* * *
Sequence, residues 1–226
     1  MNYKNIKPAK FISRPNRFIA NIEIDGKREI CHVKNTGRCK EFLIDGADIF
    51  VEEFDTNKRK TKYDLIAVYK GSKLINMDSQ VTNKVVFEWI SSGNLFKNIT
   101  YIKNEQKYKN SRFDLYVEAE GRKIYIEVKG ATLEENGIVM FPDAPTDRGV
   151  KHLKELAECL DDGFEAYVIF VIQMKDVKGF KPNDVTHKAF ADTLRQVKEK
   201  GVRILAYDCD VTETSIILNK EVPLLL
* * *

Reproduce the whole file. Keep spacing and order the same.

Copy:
Sequence, residues 1–226
     1  MNYKNIKPAK FISRPNRFIA NIEIDGKREI CHVKNTGRCK EFLIDGADIF
    51  VEEFDTNKRK TKYDLIAVYK GSKLINMDSQ VTNKVVFEWI SSGNLFKNIT
   101  YIKNEQKYKN SRFDLYVEAE GRKIYIEVKG ATLEENGIVM FPDAPTDRGV
   151  KHLKELAECL DDGFEAYVIF VIQMKDVKGF KPNDVTHKAF ADTLRQVKEK
   201  GVRILAYDCD VTETSIILNK EVPLLL